The following assignments include various learning activities, such as questions, lists, essays, charts, comparisons, contrasts, and surveys. To receive credit for this lesson, you must complete the number of assignments indicated below and submit them to your institute instructor or administrator. You may submit your work either electronically or on paper, handwritten or typed.
Each lesson should take approximately 60–90 minutes to complete, the same amount of time you would typically spend in a weekly institute class. Since reading the scripture block listed in the lesson heading is expected of all institute students prior to class, the estimated time for each assignment does not include the time you need to spend reading the scripture block.
Complete assignments 3, 4, and one of the remaining assignments:
1. Romans 9–11. Righteousness and Faith
Read Romans 2:13–15, 28–29; 9:6–8, 21–25. Explain in writing how Paul used these verses to teach that it is not enough to be born into the Church or into the seed of Abraham to receive exaltation. How does 2 Nephi 30:2; Alma 5:14, 19, 26 help you understand Paul’s teachings? How do we become children of the promise?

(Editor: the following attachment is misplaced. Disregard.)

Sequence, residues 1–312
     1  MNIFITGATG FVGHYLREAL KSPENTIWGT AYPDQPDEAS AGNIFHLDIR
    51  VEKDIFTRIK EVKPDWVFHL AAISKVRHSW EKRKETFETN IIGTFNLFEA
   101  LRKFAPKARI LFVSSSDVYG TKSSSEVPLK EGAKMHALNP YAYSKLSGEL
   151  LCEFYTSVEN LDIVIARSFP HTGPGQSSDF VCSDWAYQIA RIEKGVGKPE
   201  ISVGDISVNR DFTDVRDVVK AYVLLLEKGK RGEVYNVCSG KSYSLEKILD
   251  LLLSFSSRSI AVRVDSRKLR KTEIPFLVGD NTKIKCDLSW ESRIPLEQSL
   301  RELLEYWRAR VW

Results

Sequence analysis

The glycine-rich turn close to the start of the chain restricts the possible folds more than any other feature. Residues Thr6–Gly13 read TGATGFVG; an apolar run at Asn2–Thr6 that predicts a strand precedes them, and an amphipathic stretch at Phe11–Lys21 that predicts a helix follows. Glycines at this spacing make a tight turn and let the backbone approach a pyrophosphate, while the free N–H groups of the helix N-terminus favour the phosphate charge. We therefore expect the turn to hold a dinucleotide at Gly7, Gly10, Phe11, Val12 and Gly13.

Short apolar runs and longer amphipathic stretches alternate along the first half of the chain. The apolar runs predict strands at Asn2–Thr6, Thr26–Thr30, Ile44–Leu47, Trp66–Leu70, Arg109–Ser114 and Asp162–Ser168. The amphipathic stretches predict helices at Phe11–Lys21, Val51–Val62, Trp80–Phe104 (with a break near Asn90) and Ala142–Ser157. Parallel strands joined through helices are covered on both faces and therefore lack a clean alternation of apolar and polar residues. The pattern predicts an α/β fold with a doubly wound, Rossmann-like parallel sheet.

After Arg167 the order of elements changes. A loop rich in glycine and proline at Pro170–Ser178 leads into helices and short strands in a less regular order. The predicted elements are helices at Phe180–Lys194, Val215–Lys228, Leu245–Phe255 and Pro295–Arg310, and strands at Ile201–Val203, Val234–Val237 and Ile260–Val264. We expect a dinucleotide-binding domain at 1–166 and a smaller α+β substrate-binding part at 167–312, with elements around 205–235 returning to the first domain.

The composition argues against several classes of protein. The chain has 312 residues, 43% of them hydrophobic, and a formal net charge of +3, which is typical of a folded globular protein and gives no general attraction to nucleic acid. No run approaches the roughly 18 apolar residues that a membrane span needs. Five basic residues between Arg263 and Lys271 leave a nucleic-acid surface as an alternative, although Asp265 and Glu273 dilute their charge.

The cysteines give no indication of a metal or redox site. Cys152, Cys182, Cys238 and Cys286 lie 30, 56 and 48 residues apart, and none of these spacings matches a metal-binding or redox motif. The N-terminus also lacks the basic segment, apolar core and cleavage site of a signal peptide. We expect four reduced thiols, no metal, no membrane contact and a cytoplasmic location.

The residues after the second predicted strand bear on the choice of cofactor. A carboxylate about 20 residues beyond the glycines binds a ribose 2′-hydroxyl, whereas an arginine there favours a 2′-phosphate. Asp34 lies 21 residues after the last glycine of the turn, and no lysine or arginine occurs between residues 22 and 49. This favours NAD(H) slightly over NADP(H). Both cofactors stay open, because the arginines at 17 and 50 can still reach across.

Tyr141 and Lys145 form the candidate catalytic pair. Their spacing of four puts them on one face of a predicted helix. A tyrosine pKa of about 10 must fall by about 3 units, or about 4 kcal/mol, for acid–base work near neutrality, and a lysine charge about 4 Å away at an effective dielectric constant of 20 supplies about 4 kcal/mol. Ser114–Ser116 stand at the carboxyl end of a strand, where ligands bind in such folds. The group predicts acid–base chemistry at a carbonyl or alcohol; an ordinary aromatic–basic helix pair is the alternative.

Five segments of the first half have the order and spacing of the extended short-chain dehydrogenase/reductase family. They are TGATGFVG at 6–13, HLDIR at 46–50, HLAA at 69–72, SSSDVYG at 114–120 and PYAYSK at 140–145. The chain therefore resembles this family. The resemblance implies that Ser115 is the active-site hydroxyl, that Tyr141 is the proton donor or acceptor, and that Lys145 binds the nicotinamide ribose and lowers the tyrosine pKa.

Read Romans 9:9–13 and the institute student manual commentary for Romans 9:11, “How Does the Law of Election Operate?” (p. 332); commentary for Romans 9:13, “Did the Lord Hate Esau?” (pp. 332–33). Esau was born through the righteous lineage of Abraham and Isaac. Write a paragraph describing how Paul used the example of Jacob and Esau to teach the doctrine of election or foreordination.
Read Romans 10:9–13 and the student manual commentary for Romans 10:9–10, “Can One Achieve Salvation Simply by Confessing with the Mouth?” (p. 333). Then describe in writing what Paul taught was necessary in addition to confessing with our mouths.
Read Romans 10:17 and write a statement about where faith comes from. Describe a time in your life when hearing or reading the “word” strengthened your faith.
Paul taught that the natural branches of the olive tree represent the Jews and the wild branches represent the Gentiles. Read Romans 11:2, 5–24 and the student manual commentary for Romans 11:17–24, “The Grafting in of the Wild Olive Branches” (p. 334). Then answer the following questions:
- How does Jacob 5:16–18 help in understanding why it was necessary to graft wild branches into the olive tree?